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Testing for Racial Profiling in Traffic Stops From Behind a Veil of Darkness

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  • Grogger, Jeffrey
  • Ridgeway, Greg

Abstract

The key problem in testing for racial profiling in traffic stops is estimating the risk set, or "benchmark," against which to compare the race distribution of stopped drivers. To date, the two most common approaches have been to employ Census-based residential population data or to conduct traffic surveys in which observers tally the race distribution of drivers at a certain location. It is widely recognized that residential population data may provide poor estimates of the population at risk of a traffic stop; at the same time, traffic surveys have limitations and may be too costly to carry out on the ongoing basis required by recent legislation and litigation. In this paper, we propose a test for racial profiling that does not require explicit, external estimates of the risk set. Rather, our approach makes use of what we refer to as the "veil of darkness" hypothesis, which asserts that at night, police cannot determine the race of a motorist until they actually make a stop. The implication is that the race distribution of drivers stopped at night should equal the race distribution of drivers at risk of being stopped at night. If we further assume that racial differences in traffic patterns, driving behavior, and exposure to law enforcement do not vary between day and night, we can test for racial profiling by comparing the race distribution of stops made during daylight to the race distribution of stops made at night. We propose a means of weakening this assumption by restricting the sample to stops made during the evening hours and controlling for clock time while estimating day/night contrasts in the race distribution of stopped drivers. We provide conditions under which our estimates are robust to a substantial non-reporting problem present in our data and in many other studies of racial profiling. We propose an approach to assess the sensitivity of our results to departures from our maintained assumptions. Finally, we apply our method to da

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Bibliographic Info

Article provided by American Statistical Association in its journal Journal of the American Statistical Association.

Volume (Year): 101 (2006)
Issue (Month): (September)
Pages: 878-887

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Handle: RePEc:bes:jnlasa:v:101:y:2006:p:878-887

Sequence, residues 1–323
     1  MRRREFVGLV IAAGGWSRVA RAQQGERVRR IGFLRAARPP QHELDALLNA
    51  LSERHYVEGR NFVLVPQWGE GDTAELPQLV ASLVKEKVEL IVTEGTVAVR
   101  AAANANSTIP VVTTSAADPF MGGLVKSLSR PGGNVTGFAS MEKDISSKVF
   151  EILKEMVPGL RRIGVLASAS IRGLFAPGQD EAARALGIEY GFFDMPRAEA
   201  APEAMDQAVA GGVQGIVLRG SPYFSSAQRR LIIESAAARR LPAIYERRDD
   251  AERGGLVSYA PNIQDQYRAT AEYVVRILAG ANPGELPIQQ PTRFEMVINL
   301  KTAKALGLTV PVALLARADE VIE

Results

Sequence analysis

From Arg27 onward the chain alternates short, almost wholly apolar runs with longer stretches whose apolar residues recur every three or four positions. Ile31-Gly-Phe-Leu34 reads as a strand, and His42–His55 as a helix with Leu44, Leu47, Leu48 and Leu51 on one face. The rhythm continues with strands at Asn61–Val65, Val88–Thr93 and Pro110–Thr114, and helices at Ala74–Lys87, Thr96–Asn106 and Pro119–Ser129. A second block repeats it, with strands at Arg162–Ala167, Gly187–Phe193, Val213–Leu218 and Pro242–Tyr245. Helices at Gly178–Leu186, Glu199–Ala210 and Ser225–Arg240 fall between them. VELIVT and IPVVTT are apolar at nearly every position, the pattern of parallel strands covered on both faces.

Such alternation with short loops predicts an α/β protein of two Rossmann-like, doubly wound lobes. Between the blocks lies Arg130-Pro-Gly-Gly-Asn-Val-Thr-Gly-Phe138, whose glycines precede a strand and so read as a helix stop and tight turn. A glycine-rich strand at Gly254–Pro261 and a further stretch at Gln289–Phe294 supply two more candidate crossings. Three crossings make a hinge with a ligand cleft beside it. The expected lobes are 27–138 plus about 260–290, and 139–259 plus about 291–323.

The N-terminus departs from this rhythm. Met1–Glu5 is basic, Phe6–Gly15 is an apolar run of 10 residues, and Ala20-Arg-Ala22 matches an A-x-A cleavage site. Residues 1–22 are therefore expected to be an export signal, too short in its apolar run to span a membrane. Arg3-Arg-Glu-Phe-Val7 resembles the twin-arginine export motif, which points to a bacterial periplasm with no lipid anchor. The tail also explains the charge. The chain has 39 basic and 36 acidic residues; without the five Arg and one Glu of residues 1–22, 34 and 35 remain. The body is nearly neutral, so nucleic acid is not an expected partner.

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Cited by:
  1. Dragan Ilić, 2013. "Marginally discriminated: the role of outcome tests in European jurisdiction," European Journal of Law and Economics, Springer, vol. 36(2), pages 271-294, October.
  2. Gabbidon, Shaun L. & Craig, Ronald & Okafo, Nonso & Marzette, Lakiesha N. & Peterson, Steven A., 2008. "The consumer racial profiling experiences of Black students at historically Black colleges and universities: An exploratory study," Journal of Criminal Justice, Elsevier, vol. 36(4), pages 354-361, August.
  3. Ritter, Joseph A., 2013. "Racial Bias in Traffic Stops: Tests of a Unified Model of Stops and Searches," Miscellaneous Publications 152496, University of Minnesota, Department of Applied Economics.
  4. Sarah Marx Quintanar, . "Man vs. Machine: An Investigation of Speeding Ticket Disparities Based on Gender and Race," Departmental Working Papers 2009-16, Department of Economics, Louisiana State University.
  5. O'Flaherty, Brendan & Sethi, Rajiv, 2010. "The racial geography of street vice," Journal of Urban Economics, Elsevier, vol. 67(3), pages 270-286, May.
  6. Debopam Bhattacharya, 2012. "Evaluating Treatment Protocols using Data Combination," Economics Series Working Papers 609, University of Oxford, Department of Economics.
  7. Miller, Kirk, 2009. "Race, driving, and police organization: Modeling moving and nonmoving traffic stops with citizen self-reports of driving practices," Journal of Criminal Justice, Elsevier, vol. 37(6), pages 564-575, November.
  8. Lundman, Richard J., 2010. "Are police-reported driving while Black data a valid indicator of the race and ethnicity of the traffic law violators police stop? A negative answer with minor qualifications," Journal of Criminal Justice, Elsevier, vol. 38(1), pages 77-87, January.
  9. Brock, William A. & Cooley, Jane & Durlauf, Steven N. & Navarro, Salvador, 2012. "On the observational implications of taste-based discrimination in racial profiling," Journal of Econometrics, Elsevier, vol. 166(1), pages 66-78.
  10. Anbarci, Nejat & Lee, Jungmin, 2014. "Detecting racial bias in speed discounting: Evidence from speeding tickets in Boston," International Review of Law and Economics, Elsevier, vol. 38(C), pages 11-24.

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